Seriously, You Need to Trust Me

March 27, 2014
Reading time: 3 minutes
Happiness, Relationships, Sharing



When two people achieve a level of bond of friendship or love so complete that each puts the well-being of the other above his, the Creator will set aside all of his other concerns in relation to these people in order to draw down Light upon them.
-Arvei Nachal

That’s a big statement. If we truly put the well-being of another in front of ourselves, we draw down blessings and our other shortcomings are ‘set aside’ and not addressed by the Creator. We all wish to achieve this state of unconditional love with another person, and yet most people never do, even with their spouses. Such a thing would require a profound level of certainty… meaning we believe even when we can’t see something in its entirety. We have trust beyond logic.

My husband Michael shared this story from Rav Ashlag about how to know the depth of certainty. Rav Ashlag said that determining how much certainty (trust) you have is very easy to ascertain. If your friend asks you, “Can you lend me a dollar?” you lend him a dollar. No questions asked. If your friend asks you to lend him a thousand dollars, now you have to think. Do you trust that person? If you do, lend him a thousand dollars. Now, what if you have a friend that says, “Whatever you have, I need half of it”? To go that far, you would have to trust that person explicitly. If you were friend was to say, “I need you to lend me everything you have”, what would you do? I don’t know anyone who would give a friend everything that they own. In this analogy, Rav Ashlag was relating that we should have absolute certainty in the Creator, to the point that we would give everything that we have in this world, but it also illustrates how much trust we place in those that are closest to us. 

Chronic lack of certainty and trust issues are easy to identify in our personal lives, but new studies show a profound correlation between trust and larger problems in our society. “The Spirit Level”, by epidemiologists Richard Wilkinson and Kate Pickett, draws on decades of research that offers compelling statistics that people who live in places of unequal income live harder lives. Not just poor people. All people. This inequality goes beyond simple economics and buying power; statistics show that the more unequal a country is the more everyone distrusts each other. Louisiana (my birth state) has a huge income disparity and as such, only slightly more than a third of the population says it trusts most other people. In North Dakota, where incomes are more equal, those who trust most people doubles to 67%.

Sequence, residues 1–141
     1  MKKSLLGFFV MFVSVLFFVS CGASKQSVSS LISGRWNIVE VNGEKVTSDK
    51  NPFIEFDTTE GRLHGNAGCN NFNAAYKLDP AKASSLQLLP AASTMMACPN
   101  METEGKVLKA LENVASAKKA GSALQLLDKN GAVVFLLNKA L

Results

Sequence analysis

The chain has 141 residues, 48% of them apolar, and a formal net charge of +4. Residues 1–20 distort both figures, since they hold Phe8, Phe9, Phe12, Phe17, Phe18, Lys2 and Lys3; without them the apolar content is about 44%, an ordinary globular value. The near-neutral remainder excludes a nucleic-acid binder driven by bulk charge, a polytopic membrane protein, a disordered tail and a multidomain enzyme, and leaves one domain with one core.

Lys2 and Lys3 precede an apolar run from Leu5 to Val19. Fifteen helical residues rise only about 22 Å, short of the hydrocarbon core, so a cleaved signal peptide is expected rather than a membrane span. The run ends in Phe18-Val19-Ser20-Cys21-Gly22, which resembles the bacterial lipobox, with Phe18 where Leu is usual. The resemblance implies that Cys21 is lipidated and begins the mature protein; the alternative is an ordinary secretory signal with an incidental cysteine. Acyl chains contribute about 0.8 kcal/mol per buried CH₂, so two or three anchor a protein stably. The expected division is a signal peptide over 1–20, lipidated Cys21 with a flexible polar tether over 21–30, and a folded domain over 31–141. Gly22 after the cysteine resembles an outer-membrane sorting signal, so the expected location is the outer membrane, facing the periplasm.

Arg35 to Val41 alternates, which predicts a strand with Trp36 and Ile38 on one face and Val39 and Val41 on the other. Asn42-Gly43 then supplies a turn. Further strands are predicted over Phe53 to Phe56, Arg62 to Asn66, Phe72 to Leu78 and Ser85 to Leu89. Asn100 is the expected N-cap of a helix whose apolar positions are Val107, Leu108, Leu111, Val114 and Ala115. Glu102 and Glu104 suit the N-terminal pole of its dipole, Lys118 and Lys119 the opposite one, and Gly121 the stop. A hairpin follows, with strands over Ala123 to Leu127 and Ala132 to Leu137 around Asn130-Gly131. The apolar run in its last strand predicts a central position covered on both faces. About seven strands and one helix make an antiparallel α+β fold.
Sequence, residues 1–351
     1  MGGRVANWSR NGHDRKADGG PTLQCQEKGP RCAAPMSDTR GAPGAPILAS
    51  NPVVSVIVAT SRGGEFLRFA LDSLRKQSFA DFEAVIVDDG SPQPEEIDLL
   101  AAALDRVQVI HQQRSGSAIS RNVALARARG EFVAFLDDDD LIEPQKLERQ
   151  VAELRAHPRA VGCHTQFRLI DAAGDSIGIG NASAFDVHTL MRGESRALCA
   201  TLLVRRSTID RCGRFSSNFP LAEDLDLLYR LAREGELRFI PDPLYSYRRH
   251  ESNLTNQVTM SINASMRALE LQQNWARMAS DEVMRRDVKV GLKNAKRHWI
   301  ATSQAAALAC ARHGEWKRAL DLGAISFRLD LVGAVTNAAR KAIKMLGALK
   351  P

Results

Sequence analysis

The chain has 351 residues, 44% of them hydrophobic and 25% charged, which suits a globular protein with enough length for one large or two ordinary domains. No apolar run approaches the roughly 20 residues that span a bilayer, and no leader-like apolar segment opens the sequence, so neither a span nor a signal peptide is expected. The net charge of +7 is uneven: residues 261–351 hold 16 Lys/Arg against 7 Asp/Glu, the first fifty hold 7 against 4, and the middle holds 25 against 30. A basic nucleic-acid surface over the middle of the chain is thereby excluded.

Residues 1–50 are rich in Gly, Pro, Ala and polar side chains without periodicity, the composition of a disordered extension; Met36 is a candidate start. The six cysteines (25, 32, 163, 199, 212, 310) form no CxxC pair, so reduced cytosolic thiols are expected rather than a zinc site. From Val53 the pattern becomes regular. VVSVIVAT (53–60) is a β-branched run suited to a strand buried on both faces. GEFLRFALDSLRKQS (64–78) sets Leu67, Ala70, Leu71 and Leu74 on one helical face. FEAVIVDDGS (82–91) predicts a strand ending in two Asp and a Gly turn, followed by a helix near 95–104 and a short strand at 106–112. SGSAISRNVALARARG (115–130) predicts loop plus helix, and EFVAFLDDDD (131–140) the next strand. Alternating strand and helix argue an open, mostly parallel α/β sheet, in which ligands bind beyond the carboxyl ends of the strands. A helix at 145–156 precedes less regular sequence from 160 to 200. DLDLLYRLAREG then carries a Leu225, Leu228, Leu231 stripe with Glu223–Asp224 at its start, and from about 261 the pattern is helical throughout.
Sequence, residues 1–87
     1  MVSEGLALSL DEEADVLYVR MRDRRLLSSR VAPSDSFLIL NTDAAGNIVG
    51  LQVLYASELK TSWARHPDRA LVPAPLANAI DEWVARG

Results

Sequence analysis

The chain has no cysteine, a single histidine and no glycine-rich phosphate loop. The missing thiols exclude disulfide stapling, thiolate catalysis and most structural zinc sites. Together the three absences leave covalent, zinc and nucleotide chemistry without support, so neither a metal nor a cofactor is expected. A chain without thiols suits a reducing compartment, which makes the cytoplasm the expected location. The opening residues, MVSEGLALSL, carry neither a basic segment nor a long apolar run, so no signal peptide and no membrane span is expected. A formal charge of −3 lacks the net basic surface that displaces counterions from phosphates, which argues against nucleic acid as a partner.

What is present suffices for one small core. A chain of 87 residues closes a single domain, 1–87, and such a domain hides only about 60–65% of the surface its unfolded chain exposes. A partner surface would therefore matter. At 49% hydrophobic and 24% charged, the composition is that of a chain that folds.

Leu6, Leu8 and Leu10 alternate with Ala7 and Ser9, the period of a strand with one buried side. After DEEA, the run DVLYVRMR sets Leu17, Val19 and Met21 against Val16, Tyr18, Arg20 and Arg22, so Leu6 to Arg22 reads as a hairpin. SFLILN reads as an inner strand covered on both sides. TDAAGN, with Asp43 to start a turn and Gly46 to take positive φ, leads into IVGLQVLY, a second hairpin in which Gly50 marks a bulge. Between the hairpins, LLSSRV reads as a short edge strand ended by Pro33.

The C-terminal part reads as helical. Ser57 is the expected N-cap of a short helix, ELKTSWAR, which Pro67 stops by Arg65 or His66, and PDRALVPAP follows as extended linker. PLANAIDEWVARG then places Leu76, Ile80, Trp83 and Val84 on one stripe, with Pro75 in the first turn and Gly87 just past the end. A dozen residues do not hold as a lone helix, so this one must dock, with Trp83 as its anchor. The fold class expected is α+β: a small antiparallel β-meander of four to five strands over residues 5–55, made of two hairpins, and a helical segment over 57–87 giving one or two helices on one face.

Countries with relatively equal incomes are more trusting. This trust is correlated with lower instances of infant mortality, mental health issues, incarceration and other societal challenges. Not to pick on the U.S. again, but the U.S. has the biggest trust issues, the most income inequality, and the highest rates of incarceration and infant mortality when compared to other developed nations. No matter how wealthy the country, if it has huge income gaps there are higher instances of crime, incarceration, infant mortality and mental illness. Researchers surmise that gaps in trust and empathy lead to breakdowns in social cohesion in our schools, our hospitals, and our communities. This lack of unity has consequences for everyone, rich and poor.

The goal of The Kabbalah Centre is to remove pain, suffering and chaos from the world. Often when people hear this they find it rather lofty and idealistic, pragmatically unattainable. Usually, spiritual principles do not directly correlate to measurable statistics; however, I think that this study is a scientifically based reminder that we are all connected, that our thoughts and our feelings do affect everyone else. Lack of trust and certainty in each other is the spiritual reason for the chaos around us. It’s that simple, and it’s that profound. Each one of us has a great deal of power to create unity between the people in our lives.  

Unity is the only way forward if we want to improve this world. I’m not an anarchist or a political activist; I believe that – through the teachings of Kabbalah, through our spiritual growth and the progress we make towards certainty in the Creator, through our love for our friends and family – that we DO have a profound impact on the world around us. My husband often speaks about the importance of taking responsibility for others, of pushing ourselves to give more and to do more. There is always something more we can do, something more we can give to one another. When we push ourselves to really care more for others, and to place more trust in others, only then will we see the profound changes that we seek. For ourselves. For this world.

Thought Into Action
What more can you do? 

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